By: Lydia Crow
“For fuck sake.”
Paul continued to polish the glass he was holding and didn’t reply. He was used to this. His customer was hunched over an empty pint glass, his whole right hand curling round it, cradling it protectively as a new parent would their child.
“I mean, seriously. What kind of jacked up bollocks of a phrase is that?”
Paul made a non-committal grunt. He placed the glass, sparkling, on the shelf and picked up another from the dishwasher.
“It sounds like something she got from Buddy. Buddha. Whatever. Fat prick.”
Paul could sense that something more was expected of him. Sure enough, a moment later:-
“I mean, what do you think? What the hell is that supposed to mean?”
The man raised his head and glared accusatively at him. Paul took in his face, screwed up with bitterness, eyes red and small with alcohol. His patron continued.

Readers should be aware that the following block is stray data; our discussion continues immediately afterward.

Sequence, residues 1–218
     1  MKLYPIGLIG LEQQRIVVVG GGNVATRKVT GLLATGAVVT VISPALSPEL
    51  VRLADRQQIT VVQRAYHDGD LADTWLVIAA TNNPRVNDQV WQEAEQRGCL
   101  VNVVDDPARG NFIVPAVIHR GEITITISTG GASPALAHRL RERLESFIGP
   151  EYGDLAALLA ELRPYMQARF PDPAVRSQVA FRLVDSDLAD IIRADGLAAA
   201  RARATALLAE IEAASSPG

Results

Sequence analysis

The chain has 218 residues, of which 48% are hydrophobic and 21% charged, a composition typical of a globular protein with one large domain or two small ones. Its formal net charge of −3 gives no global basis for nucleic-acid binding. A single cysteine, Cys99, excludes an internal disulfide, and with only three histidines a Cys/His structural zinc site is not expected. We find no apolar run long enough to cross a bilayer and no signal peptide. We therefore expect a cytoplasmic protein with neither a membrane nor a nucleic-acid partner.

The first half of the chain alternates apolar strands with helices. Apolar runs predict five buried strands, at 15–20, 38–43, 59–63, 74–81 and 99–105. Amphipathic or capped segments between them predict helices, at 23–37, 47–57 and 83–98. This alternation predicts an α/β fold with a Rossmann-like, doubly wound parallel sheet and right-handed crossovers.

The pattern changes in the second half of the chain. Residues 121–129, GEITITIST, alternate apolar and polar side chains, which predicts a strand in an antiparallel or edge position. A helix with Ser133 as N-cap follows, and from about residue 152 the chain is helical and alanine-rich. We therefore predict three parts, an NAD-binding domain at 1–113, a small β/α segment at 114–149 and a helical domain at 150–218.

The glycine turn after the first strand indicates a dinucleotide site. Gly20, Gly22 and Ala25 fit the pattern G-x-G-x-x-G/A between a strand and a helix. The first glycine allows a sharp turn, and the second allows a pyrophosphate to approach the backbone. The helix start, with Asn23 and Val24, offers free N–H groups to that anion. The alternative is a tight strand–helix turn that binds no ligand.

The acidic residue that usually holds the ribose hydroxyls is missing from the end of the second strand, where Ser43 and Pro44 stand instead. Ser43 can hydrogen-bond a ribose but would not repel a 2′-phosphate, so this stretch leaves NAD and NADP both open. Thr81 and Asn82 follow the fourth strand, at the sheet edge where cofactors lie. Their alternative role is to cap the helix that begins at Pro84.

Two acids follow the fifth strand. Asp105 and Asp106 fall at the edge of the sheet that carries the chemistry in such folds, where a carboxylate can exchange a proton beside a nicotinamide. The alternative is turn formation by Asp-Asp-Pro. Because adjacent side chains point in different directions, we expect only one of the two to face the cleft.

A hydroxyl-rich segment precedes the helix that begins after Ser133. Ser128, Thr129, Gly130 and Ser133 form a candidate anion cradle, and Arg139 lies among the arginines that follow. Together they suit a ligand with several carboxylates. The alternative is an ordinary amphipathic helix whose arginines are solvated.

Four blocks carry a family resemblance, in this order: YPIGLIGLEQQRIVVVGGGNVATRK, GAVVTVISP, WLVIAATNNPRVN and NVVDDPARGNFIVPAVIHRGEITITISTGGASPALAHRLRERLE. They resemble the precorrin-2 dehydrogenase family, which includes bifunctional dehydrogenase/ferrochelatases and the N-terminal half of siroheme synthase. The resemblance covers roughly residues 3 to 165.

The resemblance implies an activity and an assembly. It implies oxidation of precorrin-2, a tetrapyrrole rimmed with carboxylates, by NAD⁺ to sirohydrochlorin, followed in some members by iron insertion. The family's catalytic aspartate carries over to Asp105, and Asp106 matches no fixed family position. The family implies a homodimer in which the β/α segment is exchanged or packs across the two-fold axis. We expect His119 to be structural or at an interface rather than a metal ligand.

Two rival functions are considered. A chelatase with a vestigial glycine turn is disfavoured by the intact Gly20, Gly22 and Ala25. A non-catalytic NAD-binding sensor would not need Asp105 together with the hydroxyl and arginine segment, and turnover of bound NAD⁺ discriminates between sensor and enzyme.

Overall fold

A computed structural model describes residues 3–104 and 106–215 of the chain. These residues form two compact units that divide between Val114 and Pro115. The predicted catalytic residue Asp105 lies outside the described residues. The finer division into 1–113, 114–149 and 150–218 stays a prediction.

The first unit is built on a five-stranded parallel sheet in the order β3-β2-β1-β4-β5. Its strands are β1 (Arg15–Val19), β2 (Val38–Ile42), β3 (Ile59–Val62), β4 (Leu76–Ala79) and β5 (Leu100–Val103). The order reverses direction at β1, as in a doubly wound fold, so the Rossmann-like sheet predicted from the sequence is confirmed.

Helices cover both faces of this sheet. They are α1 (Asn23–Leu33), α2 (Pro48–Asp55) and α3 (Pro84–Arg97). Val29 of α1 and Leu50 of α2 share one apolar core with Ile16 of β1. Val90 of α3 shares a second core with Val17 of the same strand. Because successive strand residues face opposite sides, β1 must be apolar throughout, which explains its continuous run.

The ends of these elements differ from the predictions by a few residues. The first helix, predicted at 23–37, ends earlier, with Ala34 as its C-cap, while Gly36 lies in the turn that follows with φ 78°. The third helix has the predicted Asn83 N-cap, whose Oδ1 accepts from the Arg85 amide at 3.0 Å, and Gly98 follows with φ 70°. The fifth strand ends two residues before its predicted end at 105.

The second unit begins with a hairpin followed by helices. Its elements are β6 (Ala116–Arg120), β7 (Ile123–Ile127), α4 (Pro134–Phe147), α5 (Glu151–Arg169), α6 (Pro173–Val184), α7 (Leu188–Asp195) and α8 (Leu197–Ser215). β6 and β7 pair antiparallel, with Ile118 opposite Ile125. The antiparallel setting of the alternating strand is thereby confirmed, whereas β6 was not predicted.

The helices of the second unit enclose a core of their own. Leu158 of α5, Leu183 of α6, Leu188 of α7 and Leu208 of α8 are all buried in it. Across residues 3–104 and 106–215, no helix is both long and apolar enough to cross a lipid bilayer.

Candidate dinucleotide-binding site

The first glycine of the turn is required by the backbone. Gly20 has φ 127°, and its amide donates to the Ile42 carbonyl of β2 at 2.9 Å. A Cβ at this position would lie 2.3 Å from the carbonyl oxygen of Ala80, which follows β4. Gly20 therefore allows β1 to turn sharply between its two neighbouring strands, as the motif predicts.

“Stupid bitch. You know what? She can just fuck off and search all she likes. I’ll cut her off. I’ll fight her for the kids too. Never wanted the buggers anyway, but it would kill her not to have them.”
The man sneered, cruel and vicious. He climbed off the bar stool, struggling to stand unaided.
Paul watched him. He was his last customer, here out in the middle of nowhere. There would be no-one else on the road for miles.
Paul picked up the man’s car keys and tossed them to him.
“Time to go, mate. Safe drive home.”